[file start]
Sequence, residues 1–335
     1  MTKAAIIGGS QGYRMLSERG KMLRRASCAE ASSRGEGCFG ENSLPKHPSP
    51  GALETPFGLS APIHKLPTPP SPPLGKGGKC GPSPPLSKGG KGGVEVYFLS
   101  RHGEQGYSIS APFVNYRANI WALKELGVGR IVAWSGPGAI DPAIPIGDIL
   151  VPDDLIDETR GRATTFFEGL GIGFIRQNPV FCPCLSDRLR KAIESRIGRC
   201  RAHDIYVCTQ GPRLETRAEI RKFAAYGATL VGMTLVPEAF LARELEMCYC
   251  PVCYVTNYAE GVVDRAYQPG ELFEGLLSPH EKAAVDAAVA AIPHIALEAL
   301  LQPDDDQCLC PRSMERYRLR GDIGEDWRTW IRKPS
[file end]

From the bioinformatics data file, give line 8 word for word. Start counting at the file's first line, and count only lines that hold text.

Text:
   301  LQPDDDQCLC PRSMERYRLR GDIGEDWRTW IRKPS